Those that regularly practice before the Court know about Rule 36s. We’ve written about them before. It’s a one-line per curiam decision that generally comes a few days after oral argument:
AFFIRMED. See Fed. Cir. R. 36.
This post isn’t going to say anything about the merits of Rule 36s. That’s been well discussed many other places. One thing, of course, critics of the practice should keep in mind is how much they like their oral arguments. In many respects, Rule 36s go hand-in-hand with the Court’s practice to hold argument in every case represented by counsel. And with only a few primarily pandemic related exceptions where the Court cancelled a telephonic argument (see post here), the Court will issue an opinion when there is no argument. As someone who practices before the Court, this makes sense. You only generally have a sense (maybe strong emphasis on generally) of how judges are thinking about your case when there’s an oral argument, and it’s hard to predict the outcome. But if you’re listening and answering the questions (as you should), you might get the gist of what some judges are homing in on. By contrast, in cases without argument, the opinion speaks for itself.
The other positive (or negative, I suppose, depending if you’re on the losing side) is that a Rule 36 comes quickly. In our statistics, Rule 36s come about 6 days after oral argument. That’s incredibly fast, as it means you usually get a decision the week after oral argument when there’s a Rule 36. Usually, when there’s no Rule 36, that means good things for the appellant. Your odds of prevailing significantly increase once you get beyond that Rule 36 period (see our posts here and here).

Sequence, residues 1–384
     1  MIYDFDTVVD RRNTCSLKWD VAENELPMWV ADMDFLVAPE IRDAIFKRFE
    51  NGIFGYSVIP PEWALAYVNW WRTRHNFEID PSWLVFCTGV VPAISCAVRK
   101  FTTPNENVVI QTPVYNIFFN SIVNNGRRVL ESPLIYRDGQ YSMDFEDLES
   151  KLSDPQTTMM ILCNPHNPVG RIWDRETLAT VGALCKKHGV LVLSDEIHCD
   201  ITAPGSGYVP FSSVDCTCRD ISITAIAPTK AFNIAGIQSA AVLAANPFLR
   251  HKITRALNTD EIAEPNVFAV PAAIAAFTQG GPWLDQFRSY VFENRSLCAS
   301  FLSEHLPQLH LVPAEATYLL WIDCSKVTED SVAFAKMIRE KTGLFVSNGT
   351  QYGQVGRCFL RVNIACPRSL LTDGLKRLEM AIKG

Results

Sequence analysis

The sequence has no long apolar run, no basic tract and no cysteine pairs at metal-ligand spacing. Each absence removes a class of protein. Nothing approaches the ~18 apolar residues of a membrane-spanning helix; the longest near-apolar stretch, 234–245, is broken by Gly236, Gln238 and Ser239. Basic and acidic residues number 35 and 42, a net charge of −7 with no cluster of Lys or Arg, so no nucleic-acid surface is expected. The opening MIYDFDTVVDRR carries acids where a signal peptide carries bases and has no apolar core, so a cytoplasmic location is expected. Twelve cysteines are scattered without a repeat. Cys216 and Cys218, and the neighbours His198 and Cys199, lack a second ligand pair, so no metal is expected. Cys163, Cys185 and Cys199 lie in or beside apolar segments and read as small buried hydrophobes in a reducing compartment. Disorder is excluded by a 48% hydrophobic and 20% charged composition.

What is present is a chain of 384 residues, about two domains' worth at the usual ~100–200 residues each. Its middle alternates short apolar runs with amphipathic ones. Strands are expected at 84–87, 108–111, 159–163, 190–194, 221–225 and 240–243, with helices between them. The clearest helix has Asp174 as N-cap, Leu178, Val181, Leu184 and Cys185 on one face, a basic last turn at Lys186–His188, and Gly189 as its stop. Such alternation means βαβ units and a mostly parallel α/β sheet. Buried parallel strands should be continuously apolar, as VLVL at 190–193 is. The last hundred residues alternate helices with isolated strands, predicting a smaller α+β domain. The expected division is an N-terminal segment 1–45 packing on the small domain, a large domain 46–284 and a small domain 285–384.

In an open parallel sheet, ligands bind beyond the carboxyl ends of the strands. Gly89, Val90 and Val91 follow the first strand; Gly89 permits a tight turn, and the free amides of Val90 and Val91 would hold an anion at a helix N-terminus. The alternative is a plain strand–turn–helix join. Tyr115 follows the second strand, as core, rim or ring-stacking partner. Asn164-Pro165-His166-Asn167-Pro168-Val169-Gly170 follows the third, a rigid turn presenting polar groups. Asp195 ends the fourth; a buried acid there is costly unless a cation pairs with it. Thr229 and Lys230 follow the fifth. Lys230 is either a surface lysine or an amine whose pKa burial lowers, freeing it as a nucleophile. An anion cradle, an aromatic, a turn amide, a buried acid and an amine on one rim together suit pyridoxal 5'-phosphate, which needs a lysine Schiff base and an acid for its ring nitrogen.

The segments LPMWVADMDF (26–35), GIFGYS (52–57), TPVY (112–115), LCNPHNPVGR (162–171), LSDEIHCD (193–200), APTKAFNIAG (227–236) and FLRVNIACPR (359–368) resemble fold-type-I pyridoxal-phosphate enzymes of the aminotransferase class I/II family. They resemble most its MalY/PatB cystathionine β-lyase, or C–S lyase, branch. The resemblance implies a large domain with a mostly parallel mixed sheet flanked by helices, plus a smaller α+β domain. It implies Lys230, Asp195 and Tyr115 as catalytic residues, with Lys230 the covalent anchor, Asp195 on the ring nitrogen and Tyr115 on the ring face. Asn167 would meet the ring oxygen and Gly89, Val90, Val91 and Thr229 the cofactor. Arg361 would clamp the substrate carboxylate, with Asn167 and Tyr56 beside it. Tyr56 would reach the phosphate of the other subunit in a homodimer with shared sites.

This post, however, is one of those don’t count your chickens before they hatch cautionary tales. While you might think you’re always going to get an opinion—be it precedential or nonprecedential—once you’re a few weeks out from oral argument, that’s not 100% the case. Over the past few years we’ve been tracking the Court’s decisions, there have been some anomalies. In fact, we’ve found three Rule 36s that came pretty long after oral argument, where the Rule 36 might have been a surprise to the parties when it happened:
- Mass Engineered Design, Inc. v. Planar Systems, Inc. (No. 19-1365), 75 days (Judges Lourie, Dyk, Stoll)
- Spigen Korea Co., Ltd. v. iSpeaker Co., Ltd. (No. 19-1292), 137 days (Judges Newman, Lourie, Reyna)
- Biogen, Inc. v. Iancu (No. 19-1364), 376 days (Judges Newman, Moore (before she was Chief Judge), Chen)
There’s no way to know why these appeals took so long to Rule 36. Listening to the arguments perhaps suggests that the Court hadn’t yet made up its mind in two of the cases. In Mass Engineered Design (75 days) and Biogen (376 days), the Court did press the appellees on some issues, strongly so in one of the appeals. So as a matter of pure speculation, it could have been a situation where the Court wanted to investigate the issues more only to conclude that there was nothing really to write about. But in the third appeal (Spigen), the Court asked very few questions—and those questions seemed to press the appellant for answers. So it seems impossible to even guess why that appeal took 137 days to Rule 36. Perhaps the only conclusion that can be drawn from these cases is that, even when it has been months from oral argument, there’s still always that chance that your appeal might be Rule 36’d.